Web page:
- You help to ensure LEP individuals receive the correct treatments.
The dangers of not having adequate language resources for LEP individuals can range from an individual not receiving treatment for their illness to death. This entire spectrum carries with it liabilities for both individuals and hospitals.
One of the main medical interpreter duties is to ensure that these mistakes don’t happen, and that lives aren’t worsened or lost due to language barriers.
You’re ability to speak both English and the patient’s language, as well as understand the medical side of the conversation, allows you to make sure the doctor is hearing the right symptoms from the patient and that the patient knows how to follow the ultimate treatment plan.
All in all this results in more individuals getting access to the proper healthcare so they can recover.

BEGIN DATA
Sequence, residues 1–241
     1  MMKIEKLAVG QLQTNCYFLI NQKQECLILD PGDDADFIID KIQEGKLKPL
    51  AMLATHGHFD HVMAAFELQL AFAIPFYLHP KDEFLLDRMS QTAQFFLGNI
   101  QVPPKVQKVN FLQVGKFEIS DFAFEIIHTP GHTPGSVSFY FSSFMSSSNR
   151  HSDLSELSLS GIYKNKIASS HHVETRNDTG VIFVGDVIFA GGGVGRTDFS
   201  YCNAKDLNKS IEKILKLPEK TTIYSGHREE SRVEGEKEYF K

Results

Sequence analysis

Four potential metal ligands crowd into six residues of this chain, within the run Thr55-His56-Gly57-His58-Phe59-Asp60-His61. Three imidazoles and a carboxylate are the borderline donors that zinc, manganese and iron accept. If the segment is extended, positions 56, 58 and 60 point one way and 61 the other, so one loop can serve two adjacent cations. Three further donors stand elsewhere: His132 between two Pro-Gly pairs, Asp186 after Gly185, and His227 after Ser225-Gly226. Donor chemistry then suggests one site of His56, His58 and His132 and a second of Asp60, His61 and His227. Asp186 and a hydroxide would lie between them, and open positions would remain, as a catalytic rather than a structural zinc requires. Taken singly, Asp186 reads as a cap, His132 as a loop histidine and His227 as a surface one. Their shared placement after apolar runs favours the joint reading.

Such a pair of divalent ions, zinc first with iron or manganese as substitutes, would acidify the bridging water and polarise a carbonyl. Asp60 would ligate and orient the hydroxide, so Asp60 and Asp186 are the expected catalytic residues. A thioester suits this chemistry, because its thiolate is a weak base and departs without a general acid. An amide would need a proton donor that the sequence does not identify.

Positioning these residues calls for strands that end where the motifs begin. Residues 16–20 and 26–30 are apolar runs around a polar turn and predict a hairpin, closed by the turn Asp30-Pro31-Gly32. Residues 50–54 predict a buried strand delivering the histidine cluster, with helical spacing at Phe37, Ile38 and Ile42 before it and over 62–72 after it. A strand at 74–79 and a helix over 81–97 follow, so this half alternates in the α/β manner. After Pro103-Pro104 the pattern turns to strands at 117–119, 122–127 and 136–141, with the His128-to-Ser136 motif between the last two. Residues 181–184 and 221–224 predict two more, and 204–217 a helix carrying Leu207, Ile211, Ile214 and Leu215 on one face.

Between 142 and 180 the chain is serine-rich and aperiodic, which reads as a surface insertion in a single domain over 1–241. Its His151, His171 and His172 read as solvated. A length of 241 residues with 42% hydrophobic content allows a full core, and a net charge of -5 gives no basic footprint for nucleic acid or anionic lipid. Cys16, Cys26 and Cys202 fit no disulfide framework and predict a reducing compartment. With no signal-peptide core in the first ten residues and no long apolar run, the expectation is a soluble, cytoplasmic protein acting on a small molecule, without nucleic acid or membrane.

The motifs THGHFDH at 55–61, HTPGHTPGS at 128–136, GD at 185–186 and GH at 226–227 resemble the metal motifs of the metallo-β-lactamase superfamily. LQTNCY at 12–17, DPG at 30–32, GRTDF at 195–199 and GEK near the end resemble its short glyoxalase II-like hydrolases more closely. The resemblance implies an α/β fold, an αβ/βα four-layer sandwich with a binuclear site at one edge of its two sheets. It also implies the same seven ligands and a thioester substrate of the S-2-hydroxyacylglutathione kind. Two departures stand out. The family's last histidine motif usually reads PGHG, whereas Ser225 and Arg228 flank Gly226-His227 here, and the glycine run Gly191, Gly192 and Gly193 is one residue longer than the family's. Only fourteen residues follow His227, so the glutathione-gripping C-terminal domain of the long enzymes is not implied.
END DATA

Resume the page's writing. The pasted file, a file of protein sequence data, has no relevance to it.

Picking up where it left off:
- You build new bridges and connections in your brain through the continued use of multiple languages.
One of the amazing things about speaking multiple languages is the “exercise” it gives your brain. Research has shown that multilingual individuals think differently depending on the language, as each will give the user a different way to describe the world and thus a different perception.
There has also been research showing benefits in the areas of health for multilingual individuals including decreasing the onset of dementia, as well as increased abilities in focus, concentration, and problem solving.
- You gain knowledge in medicine and healthcare which can benefit you personally.
As a medical interpreter you are expected to study and understand a wide range of medical concepts – from basic anatomy to complicated and technical procedures. Not only does this help you accurately communicate and explain information to patients and doctors, it also helps you in your day to day life.
With a greater medical understanding, you can approach your personal health with more knowledge.
- You can set your own schedule, and it is never monotonous work.